Jobs and the Economy
In her first term as State Senator, Amy Galey voted for a balanced budget that raised teacher pay by 5%, cut taxes for North Carolina families, and allocated billions in important infrastructure spending. She also voted to guarantee the lowest rates on electricity for North Carolinians. Now, as we are facing new challenges that call for creative solutions, Amy is the proven leader we can trust. She’ll work to combat rising inflation and provide critical relief for families, balance the budget, and put our state on the path for continued economic growth.
Quality Education and Teacher Pay
Every child deserves a quality education, with a range of school choices to meet his or her academic needs, abilities, goals, and interests. Before becoming State Senator, Amy consistently advocated for reasonable increases in the budget for the Alamance Burlington School System while insisting on accountability. As State Senator, she voted for $1.5 billion additional funding for K-12 education, a 5% pay raise for teachers, and expanded the NC Promise program, which guarantees $500 in-state tuition per semester as participating schools. In the State Senate, Amy will continue to make attracting and retaining the best public school teachers one of her top priorities.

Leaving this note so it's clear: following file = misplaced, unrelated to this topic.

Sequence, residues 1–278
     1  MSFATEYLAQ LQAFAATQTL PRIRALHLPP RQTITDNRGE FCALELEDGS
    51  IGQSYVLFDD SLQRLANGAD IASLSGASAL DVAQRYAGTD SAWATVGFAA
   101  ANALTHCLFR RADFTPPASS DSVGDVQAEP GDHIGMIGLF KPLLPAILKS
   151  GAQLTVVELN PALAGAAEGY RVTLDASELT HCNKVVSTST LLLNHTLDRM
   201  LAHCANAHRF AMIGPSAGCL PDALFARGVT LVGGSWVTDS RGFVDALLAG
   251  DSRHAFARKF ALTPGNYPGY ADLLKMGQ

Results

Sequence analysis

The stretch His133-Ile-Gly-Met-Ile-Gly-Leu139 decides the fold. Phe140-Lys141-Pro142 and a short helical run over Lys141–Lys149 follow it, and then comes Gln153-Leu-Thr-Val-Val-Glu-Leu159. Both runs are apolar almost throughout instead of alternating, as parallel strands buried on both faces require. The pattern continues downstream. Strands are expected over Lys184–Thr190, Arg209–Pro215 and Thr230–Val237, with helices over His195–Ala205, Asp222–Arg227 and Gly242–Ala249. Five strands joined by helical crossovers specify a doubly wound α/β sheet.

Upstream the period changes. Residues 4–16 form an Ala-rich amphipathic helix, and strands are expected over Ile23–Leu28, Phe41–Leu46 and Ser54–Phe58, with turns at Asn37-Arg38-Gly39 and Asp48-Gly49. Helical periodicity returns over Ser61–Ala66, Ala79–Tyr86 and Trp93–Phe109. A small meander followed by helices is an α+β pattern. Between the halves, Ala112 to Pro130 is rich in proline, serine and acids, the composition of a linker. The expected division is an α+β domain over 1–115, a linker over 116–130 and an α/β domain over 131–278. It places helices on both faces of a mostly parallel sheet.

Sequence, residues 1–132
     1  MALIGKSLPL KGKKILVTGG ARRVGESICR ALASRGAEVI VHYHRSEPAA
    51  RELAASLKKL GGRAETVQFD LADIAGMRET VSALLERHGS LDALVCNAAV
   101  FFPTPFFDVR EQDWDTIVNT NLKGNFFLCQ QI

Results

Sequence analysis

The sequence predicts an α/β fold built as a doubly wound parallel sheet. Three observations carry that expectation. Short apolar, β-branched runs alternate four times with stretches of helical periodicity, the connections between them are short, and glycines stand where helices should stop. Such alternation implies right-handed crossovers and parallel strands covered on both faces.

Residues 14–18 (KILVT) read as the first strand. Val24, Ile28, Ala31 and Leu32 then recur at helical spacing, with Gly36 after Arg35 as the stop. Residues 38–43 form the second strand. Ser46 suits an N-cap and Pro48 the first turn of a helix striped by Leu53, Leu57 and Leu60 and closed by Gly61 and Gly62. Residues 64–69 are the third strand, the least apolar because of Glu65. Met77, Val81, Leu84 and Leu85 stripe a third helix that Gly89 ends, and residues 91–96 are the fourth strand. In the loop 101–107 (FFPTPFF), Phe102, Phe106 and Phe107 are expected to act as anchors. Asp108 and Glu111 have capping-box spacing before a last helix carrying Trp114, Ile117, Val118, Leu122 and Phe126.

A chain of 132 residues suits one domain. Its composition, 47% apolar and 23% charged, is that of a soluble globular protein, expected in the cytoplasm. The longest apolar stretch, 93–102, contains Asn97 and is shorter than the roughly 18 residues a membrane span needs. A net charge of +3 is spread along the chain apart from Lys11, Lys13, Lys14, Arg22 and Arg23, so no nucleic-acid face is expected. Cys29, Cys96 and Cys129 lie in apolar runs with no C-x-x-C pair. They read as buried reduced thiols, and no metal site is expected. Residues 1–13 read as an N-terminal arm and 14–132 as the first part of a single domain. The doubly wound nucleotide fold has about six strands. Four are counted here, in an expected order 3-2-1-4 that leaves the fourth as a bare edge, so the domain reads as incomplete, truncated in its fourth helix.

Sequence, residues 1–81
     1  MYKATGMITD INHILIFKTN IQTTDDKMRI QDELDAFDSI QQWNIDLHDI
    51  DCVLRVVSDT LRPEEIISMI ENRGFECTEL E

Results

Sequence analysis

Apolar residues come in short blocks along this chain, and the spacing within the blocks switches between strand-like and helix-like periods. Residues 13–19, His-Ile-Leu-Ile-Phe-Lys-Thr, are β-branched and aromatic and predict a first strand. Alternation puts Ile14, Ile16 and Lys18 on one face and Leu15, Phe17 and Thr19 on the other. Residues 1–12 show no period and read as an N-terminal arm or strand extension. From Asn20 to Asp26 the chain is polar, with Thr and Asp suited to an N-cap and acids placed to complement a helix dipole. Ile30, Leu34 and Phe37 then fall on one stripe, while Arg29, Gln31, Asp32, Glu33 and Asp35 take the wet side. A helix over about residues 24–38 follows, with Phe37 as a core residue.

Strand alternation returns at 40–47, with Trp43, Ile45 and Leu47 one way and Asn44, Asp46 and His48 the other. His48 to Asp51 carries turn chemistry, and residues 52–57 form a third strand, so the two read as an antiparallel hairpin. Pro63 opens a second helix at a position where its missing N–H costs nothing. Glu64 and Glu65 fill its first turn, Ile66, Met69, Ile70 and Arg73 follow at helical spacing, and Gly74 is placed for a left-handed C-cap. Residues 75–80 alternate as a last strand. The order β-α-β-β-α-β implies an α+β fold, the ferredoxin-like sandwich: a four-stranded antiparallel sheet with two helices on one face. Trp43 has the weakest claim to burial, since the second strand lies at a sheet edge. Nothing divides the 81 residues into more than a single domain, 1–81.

Amy is a strong supporter of the Second Amendment. She has her concealed carry permit and is a member of the NRA. As a rural resident, Amy understands the importance of the lawful ownership of firearms for hunting and personal protection.
As an Alamance County Commissioner, Amy has worked hard to support farmers and local agriculture. She recognizes the vital role that agriculture fills in North Carolina’s economy. Local agriculture brings many benefits to the community, including the availability of local food.
Through her work with Healthy Alamance, Amy has supported the creation and sustainability of local farmer’s markets, where producers and consumers connect. Amy has supported the farmland preservation program, which purchases development rights from farmers. She has worked with the Jordan Lake One Water Association, which seeks ways to protect water quality through conservation easements and other measures. Amy has worked with the Farm Bureau to address concerns about land use and the squeezing out of farms by residential building.